Writing that perfect blurb that will sell your book!
So, I wrote this book. It took a great deal of inspiration, hundreds of hours of research and then nearly two solid years to draft, revise and edit before it could go out to the publisher and then out to the store where my lovely and generous readers can finally enjoy it from Amazon, Barnes and Noble or even just their local library. That is, assuming I can sell them on investing a few dollars and several hours of their time to do so. So I have to not only write a great novel but an eye-catching blurb to go with it. After all, I'm not a household name nor do I have "New York Times bestselling" printed on the fronts of any of my books yet. I'm sure many authors face this problem. After all that work, how do you boil it all down into one catchy paragraph, or even just a sentence that will worm its way into the reader's heart, kick down the door and demand their attention. I struggle with that.
But that being said, I'm going to share my insights on how I've gotten through it so far and maybe see where I can improve in the future. Here are the self-help tips I am going by so far:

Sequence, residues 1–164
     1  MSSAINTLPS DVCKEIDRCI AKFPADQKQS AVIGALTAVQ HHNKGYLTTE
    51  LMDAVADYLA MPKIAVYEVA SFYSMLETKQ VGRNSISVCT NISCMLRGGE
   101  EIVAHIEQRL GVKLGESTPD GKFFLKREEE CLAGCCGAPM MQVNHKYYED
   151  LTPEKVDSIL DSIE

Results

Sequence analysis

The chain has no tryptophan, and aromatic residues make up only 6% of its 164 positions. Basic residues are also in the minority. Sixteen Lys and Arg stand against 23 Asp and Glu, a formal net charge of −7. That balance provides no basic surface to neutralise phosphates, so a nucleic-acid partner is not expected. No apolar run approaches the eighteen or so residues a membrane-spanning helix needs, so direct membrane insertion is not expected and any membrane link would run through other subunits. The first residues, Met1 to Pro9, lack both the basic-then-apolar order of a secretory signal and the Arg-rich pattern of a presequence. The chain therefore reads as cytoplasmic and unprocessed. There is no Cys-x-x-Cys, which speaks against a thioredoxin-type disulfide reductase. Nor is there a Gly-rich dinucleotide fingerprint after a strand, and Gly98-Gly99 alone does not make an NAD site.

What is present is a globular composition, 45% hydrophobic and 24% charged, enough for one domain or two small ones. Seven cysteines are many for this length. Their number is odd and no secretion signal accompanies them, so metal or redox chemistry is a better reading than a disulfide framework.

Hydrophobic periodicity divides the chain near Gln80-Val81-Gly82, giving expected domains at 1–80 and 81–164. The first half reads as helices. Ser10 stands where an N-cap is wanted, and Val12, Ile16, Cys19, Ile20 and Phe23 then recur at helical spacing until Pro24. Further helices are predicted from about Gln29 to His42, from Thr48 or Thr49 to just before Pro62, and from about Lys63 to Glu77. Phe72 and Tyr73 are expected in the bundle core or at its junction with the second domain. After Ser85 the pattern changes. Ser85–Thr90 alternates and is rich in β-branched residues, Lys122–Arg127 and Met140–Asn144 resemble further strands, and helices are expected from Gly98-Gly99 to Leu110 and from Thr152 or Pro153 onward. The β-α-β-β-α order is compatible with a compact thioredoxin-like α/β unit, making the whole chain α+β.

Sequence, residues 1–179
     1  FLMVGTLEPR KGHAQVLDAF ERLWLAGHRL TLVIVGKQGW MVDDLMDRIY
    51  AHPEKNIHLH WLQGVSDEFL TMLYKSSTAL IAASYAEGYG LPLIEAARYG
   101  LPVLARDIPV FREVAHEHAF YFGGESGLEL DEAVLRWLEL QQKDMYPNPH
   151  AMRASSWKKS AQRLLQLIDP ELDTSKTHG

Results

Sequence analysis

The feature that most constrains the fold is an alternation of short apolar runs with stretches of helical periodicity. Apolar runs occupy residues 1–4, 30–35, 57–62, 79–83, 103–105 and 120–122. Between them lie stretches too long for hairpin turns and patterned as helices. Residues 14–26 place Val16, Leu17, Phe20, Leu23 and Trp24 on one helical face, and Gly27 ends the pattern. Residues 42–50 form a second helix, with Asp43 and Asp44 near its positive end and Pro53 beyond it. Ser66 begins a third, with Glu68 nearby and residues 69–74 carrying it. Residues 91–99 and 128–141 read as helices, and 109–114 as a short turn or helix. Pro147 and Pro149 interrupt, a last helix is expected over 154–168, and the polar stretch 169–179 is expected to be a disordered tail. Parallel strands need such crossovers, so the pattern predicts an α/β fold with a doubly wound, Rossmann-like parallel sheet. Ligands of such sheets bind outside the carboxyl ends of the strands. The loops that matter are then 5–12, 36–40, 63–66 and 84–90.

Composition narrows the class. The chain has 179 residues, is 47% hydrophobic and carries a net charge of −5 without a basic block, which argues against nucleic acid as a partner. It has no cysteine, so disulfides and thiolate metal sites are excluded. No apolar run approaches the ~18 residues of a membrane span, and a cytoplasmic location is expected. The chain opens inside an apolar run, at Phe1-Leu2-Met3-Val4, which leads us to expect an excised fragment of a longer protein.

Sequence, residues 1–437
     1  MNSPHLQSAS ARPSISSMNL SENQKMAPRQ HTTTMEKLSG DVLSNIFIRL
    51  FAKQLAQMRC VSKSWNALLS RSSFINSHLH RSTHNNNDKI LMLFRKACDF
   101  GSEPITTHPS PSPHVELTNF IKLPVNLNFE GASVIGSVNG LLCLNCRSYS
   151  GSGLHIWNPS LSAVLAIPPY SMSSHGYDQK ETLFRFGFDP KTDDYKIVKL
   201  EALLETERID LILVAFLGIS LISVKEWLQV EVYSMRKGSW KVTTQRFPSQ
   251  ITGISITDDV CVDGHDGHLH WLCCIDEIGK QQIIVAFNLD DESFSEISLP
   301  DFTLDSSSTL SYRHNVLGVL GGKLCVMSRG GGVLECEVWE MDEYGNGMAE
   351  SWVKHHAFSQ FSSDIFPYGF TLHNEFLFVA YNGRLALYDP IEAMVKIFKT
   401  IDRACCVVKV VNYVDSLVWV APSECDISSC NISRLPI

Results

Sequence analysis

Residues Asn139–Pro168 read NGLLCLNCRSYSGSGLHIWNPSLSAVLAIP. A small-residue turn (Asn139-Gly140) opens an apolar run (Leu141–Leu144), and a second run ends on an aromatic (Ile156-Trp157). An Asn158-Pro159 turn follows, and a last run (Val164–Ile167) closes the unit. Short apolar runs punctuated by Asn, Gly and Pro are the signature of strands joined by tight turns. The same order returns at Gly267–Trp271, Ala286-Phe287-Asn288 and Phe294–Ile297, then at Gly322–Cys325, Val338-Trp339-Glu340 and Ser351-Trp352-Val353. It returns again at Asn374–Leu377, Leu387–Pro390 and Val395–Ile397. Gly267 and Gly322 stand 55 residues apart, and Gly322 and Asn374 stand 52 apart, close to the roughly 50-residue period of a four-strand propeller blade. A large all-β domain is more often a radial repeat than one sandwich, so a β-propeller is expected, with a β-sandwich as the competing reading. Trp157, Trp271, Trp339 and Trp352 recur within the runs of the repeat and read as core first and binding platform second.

1. I surf through Amazon and look at other author's blurbs and taglines. I don't steal anything but I look for patterns amongst the best-sellers of works I admire or within the genre.
2. Don't get bogged down with explaining plot. Focus just on the main problem and how the main character fits into that situation.
3. Focus on mood and tone. When I read a book, I want to feel something first. The blurb should tell me: what can expect to feel from this book: a sense of humor, sadness, adrenaline pulsing action, what?
4. What's the twist? What sets my book apart from the others like it? What's going to surprise a jaded reader of my genre, hopefully in a good way?
5. Don't overcomplicate the language. I'm just saying hi to the reader not giving them a lecture on the themes and artistry of the book. That will come as they grow to love the book, its characters, setting and conflict.
6. Let someone else look at it. Ask them, if they hadn't seen the book or known the author, would they by this book on a dare? Would it part them from some of their money and make them want to sacrifice a few episodes of Game of Thrones to sit down and read it?
That's all I've got so far. What can I say? Marketing is a work in progress for me, but after three books published, I'm starting to learn. With a little practice, maybe someone other than me can use this advice.